European curiosity about the “new world” extended to the languages spoken there. In 1502, a Bristol merchant brought to England the first known Native American visitor (who, as was tragically common, soon succumbed to some European disease), and, after a half century of indifference, yet more were brought across the Atlantic to be inspected and studied. The great flowering of interest in languages, particularly ancient ones, in sixteenth-century England, fed curiosity about these newly encountered ones. (Since the biblical story of Babel was a firm foundation of belief, part of the inquiry was to discover if these North Americans might be a “lost tribe” and to see if their languages might resemble Hebrew, Syriac, or some other language of the biblical era.) Early in the next century, at least two English boys, Tom Savage and Henry Spelman, were sent as hostages to guarantee the return of some Native Americans of Virginia from a visit to England. They soon became bilinguals and were thus positioned to act as intermediaries between the two cultures. Through such persons, Native American influence on American English was much facilitated.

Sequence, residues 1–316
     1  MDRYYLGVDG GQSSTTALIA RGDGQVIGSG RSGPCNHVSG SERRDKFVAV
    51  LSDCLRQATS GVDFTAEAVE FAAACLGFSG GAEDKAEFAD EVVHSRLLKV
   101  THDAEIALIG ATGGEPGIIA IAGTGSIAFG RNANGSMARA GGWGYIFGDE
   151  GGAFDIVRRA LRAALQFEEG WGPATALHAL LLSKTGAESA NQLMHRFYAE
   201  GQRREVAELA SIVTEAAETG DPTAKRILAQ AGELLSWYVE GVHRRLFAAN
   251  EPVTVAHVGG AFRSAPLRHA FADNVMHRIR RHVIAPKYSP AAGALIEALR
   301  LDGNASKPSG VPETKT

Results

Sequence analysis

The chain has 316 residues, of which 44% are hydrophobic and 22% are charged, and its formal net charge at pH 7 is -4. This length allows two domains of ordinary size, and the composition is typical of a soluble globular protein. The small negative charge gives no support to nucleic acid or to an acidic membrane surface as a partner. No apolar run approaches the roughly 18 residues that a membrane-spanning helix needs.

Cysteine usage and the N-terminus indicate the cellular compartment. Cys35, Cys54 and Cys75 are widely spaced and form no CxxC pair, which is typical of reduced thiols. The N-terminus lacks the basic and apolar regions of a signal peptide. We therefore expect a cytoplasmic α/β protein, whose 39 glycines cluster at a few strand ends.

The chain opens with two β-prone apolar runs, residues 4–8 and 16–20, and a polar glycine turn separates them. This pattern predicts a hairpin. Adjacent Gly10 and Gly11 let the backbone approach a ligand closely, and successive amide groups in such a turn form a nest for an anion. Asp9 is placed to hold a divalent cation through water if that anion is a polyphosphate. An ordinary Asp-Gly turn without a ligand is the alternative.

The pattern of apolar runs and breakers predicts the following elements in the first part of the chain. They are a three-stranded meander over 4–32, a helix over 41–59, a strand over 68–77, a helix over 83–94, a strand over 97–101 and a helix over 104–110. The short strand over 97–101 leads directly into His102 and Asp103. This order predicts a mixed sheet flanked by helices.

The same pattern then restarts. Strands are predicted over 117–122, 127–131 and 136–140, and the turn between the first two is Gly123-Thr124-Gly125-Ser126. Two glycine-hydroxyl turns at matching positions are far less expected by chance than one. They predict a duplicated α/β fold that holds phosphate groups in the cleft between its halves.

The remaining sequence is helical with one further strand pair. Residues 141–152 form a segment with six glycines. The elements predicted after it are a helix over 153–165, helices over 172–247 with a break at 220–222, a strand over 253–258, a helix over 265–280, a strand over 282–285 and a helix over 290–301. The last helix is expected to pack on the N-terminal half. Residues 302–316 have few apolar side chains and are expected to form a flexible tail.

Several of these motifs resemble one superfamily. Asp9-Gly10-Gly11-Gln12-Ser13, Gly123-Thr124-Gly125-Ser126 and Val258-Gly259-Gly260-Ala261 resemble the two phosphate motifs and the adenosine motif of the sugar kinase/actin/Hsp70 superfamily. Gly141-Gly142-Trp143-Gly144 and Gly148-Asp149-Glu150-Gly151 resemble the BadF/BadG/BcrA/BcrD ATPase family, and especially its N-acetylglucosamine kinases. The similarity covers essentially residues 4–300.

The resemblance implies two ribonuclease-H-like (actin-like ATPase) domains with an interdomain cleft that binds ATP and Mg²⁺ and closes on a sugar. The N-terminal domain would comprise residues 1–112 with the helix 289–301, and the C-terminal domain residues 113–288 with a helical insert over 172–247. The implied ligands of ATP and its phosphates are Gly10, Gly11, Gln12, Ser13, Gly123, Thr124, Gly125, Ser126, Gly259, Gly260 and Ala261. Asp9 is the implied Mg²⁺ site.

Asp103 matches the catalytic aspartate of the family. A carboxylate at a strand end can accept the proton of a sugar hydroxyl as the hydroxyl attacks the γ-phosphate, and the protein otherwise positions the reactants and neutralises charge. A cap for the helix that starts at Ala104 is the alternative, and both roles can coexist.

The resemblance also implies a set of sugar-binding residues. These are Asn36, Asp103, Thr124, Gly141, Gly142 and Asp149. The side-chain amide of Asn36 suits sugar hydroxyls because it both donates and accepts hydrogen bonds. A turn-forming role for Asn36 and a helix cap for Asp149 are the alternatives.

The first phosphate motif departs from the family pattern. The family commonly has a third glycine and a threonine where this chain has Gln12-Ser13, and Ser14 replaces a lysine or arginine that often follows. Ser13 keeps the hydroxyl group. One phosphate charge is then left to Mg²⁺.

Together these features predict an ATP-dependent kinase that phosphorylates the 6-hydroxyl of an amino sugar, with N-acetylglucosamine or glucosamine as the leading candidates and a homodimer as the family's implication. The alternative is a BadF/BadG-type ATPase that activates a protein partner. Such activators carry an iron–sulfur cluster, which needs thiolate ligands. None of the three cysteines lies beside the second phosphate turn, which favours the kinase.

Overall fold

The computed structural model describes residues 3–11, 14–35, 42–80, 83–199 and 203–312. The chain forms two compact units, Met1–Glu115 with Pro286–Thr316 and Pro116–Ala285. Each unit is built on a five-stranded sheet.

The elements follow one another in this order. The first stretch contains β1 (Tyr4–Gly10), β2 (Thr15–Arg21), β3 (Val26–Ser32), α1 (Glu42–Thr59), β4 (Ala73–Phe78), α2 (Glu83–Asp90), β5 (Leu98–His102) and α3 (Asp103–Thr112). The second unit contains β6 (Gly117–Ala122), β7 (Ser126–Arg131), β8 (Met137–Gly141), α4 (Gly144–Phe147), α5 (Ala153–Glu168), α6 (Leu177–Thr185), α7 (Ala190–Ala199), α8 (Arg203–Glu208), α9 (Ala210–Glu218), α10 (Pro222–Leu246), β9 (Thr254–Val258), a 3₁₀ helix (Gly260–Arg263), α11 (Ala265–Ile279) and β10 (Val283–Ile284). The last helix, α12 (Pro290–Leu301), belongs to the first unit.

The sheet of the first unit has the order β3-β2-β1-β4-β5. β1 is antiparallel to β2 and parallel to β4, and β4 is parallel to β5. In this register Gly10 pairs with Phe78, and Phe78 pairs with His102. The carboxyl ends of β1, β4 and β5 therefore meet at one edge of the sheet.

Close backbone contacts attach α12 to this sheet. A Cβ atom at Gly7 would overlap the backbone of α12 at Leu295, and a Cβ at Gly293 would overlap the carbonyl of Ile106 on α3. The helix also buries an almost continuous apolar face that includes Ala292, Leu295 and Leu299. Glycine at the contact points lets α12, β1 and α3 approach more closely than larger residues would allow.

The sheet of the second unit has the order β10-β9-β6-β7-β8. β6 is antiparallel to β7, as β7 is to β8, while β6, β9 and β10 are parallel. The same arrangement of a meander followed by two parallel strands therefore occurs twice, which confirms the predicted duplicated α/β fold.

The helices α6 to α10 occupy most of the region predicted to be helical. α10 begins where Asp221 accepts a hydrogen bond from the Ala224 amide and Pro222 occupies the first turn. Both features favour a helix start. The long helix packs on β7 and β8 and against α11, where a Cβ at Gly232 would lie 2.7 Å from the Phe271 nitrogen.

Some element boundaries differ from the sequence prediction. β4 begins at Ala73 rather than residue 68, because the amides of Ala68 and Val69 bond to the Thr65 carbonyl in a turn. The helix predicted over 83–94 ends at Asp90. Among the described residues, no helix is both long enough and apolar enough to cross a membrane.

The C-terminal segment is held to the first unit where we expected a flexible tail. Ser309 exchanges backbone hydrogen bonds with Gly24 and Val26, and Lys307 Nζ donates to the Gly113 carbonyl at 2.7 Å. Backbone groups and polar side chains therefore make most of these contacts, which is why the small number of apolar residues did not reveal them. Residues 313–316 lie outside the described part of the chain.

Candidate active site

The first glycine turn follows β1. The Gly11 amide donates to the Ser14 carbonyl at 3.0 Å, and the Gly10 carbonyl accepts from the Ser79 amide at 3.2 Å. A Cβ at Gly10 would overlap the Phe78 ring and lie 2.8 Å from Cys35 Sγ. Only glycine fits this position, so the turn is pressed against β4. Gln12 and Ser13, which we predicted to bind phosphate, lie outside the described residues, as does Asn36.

When Thomas Harriot arrived in Virginia in 1586, he already knew something about the language spoken there from many months’ study with Manteo and Wanchese, the visitors brought to England the year before. (Wanchese was an unwilling guest, but Manteo was enthusiastic and was eagerly baptized. On their return to Virginia, Wanchese escaped to his tribal group, but Manteo – now known as “John White” – continued to act as an intermediary.) Harriot was a man of remarkable genius, particularly in mathematics, and in preparation for the Roanoke voyage he taught Walter Raleigh the rudiments of celestial navigation so the expedition might find its way in the open ocean. As the principal scientist among the adventurers, he presented a remarkable amount of information in his Briefe and True Report, and a page of his phonetic alphabet to represent the sounds of the language has only recently been discovered. Unfortunately most of Harriot’s papers were destroyed in the great fire of London in 1666, but it is at least symbolic that the one complete sentence in Algonquian that survives in his hand is Kecow hit tamen, which he translated as “What is this?” (see Salmon 1996).